A system has higher or lower complexity

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A note for Lesson no. 2, "Your Brain Is a Network," in Seven and a Half Lessons About the Brain by Lisa Feldman Barrett.
Some context from page 41 is:

A system has higher or lower complexity depending on how much information it can manage by reconfiguring itself.

The appendix adds:

The brains of other animals, such as monkeys and worms, also have complexity.

A complex system is made up of a large number of elements that interact with one another. In a system with N elements, there are N! (N factorial) possible patterns of those elements — each additional element multiplies the number of possible patterns. This mathematical observation is the scientific origin of the phrase, "the whole is more than the sum of the parts."[1]

Some of a brain's complexity comes from the fact that it's made of many, many neurons that can create gazillions of different patterns of activity. In addition, neurons can communicate with one another in two ways: Neurons can communicate with one another via discrete bursts of electrical activity along axons, followed by brief transfers of chemicals in synapses; this is called digital communication. But neurons can also communicate in a continuous and graded way, which is called analog communication. Scientists suspect that the interaction of analog and digital communication between neurons provide a brain with a profound degree of complexity.[2]

Any brain is a complex system, but some animal brains are more complex than others. It is interesting that more complex brains have evolved many times, independently, in different animals, including in insects.[3] Larger brains tend to be more complex, and brain size is associated with all sorts of abilities: copying (learning), creativity (innovation), and flexibility.[4] For example, birds and primates with larger brains innovate more than those with smaller brains.[4] One thing that adds to the complexity of a brain is the number of neurons that are multi-functional, also called domain-general or mixed selectivity (e.g., [5][6][7][8]). With more complexity, a brain can create a large repertoire of patterns that allow a rich capacity to model and respond to the various conditions in the body and in the world. Brains with higher complexity are likely to remember better and to generate more creative responses to new challenges, and therefore are likely to be more adaptable. To quote Sporns, "Complexity, and with it the capacity to respond and act differently under different circumstances, is the brain's answer to the persistent challenges of a variable and only partially predictable environment" (p. 303).[9] Complex systems also have more degeneracy,[10] and therefore a brain of high complexity may be more resilient to injury. A complex brain is also more expensive (metabolically speaking).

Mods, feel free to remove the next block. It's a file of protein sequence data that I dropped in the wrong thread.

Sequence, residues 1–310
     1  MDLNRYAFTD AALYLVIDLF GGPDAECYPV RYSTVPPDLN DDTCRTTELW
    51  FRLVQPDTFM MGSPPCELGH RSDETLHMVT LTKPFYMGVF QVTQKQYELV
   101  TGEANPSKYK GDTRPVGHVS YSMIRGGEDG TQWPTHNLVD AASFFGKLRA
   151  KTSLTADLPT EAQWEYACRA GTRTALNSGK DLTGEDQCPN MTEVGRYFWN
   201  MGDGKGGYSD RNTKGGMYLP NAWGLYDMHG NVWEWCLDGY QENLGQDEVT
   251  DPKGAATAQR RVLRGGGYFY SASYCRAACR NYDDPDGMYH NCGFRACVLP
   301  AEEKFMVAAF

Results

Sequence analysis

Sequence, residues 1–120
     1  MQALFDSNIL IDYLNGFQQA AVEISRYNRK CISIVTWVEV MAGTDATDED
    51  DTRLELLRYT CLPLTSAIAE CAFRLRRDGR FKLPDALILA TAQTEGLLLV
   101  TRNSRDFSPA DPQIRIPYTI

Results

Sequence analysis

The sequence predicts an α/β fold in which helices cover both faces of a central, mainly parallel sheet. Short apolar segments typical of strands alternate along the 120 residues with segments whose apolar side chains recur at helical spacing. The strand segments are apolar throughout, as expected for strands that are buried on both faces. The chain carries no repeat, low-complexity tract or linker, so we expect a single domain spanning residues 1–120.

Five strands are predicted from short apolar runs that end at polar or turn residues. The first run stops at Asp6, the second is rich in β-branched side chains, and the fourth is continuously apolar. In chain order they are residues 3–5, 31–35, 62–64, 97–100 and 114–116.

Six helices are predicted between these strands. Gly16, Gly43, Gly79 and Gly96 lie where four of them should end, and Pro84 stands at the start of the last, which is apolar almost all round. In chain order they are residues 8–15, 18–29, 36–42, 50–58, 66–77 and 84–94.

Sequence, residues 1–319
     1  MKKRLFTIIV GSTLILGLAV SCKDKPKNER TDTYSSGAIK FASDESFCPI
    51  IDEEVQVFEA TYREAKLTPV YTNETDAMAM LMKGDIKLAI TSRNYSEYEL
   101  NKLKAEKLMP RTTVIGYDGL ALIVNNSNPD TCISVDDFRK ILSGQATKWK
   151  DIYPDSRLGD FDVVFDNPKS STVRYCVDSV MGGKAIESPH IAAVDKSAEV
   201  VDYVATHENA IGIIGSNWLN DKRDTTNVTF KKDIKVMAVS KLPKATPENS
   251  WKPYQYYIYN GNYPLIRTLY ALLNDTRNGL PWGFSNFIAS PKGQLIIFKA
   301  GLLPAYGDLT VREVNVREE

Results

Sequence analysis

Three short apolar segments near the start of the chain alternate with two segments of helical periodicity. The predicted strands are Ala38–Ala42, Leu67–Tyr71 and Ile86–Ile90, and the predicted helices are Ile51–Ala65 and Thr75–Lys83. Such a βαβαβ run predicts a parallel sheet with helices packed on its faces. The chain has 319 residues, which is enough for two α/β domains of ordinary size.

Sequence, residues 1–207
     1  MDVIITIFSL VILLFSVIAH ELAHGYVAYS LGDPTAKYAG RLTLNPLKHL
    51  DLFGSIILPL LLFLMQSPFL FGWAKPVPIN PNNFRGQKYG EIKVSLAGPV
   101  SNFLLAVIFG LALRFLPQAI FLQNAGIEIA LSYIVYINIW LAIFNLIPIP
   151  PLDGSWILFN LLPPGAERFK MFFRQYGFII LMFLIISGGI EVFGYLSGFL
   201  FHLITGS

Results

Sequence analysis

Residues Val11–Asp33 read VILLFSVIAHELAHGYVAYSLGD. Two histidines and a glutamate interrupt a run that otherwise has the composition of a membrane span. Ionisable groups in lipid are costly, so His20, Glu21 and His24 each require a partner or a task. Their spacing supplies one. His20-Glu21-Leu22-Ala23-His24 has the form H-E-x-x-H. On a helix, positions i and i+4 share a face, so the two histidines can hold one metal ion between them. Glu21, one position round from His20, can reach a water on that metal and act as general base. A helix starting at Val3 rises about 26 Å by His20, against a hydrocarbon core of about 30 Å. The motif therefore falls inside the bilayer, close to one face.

In general, and all things being equal, larger animals tend to have larger, more complex brains (both structurally and in how they function), but such animals also tend to have larger, more complex niches. A brain that encounters more complex situations will be wired to produce more complex dynamics.[9] Animals with relatively larger (and likely more complex) brains are more likely to survive, and their species evolves more quickly. For example, innovative birds are less likely to migrate and more likely to innovate during harsh winters, more likely to survive and establish themselves in a new location, and more likely to evolve into new species.[4]

To learn more about complexity in the human brain, here are some references:


  1. Simon, Herbert A. 1962. “The Architecture of Complexity.” Proceedings of the American Philosophical Society 106 (6): 467–482, p. 468.
  2. Cicurel, Ronald, and Miguel A. L. Nicolelis. 2015. The Relativistic Brain: How It Works And Why It Cannot Be Simulated By A Turing Machine. CreateSpace Independent Publishing Platform.
  3. Roth, Gerhard. 2015. "Convergent Evolution of Complex Brains and High Intelligence." Philosophical Transactions of the Royal Society B 370 (1684): 20150049.
  4. 4.0 4.1 4.2 Laland, Kevin N. 2017. Darwin’s Unfinished Symphony: How Culture Made the Human Mind. Princeton, NJ: Princeton University Press.. See also the references therein.
  5. Fusi, Stefano, Earl K. Miller, and Mattia Rigotti. 2016. "Why Neurons Mix: High Dimensionality for Higher Cognition." Current Opinion in Neurobiology 37: 66-74.
  6. Rigotti, Mattia, Omri Barak, Melissa R. Warden, Xiao-Jing Wang, Nathaniel D. Daw, Earl K. Miller, and Stefano Fusi. 2013. "The Importance of Mixed Selectivity in Complex Cognitive Tasks." Nature 497 (7451): 585-590.
  7. Brincat, Scott L., Markus Siegel, Constantin von Nicolai, and Earl K. Miller. 2018. "Gradual Progression From Sensory To Task-related Processing in Cerebral Cortex." Proceedings of the National Academy of Sciences 115 (30): E7202-E7211.
  8. Siegel, Markus, Timothy J. Buschman, and Earl K. Miller. 2015. "Cortical Information Flow During Flexible Sensorimotor Decisions." Science 348 (6241): 1352-1355.
  9. 9.0 9.1 9.2 Sporns, Olaf. 2011. Networks of the Brain. Cambridge, MA: MIT Press.
  10. Edelman, Gerald M., and Joseph A. Gally. 2001. “Degeneracy and Complexity in Biological Systems.” Proceedings of the National Academy of Sciences 98 (24): 13763–13768.
  11. Bullmore, Ed, and Olaf Sporns. 2012. “The Economy of Brain Network Organization.” Nature Reviews Neuroscience 13 (5): 336–349.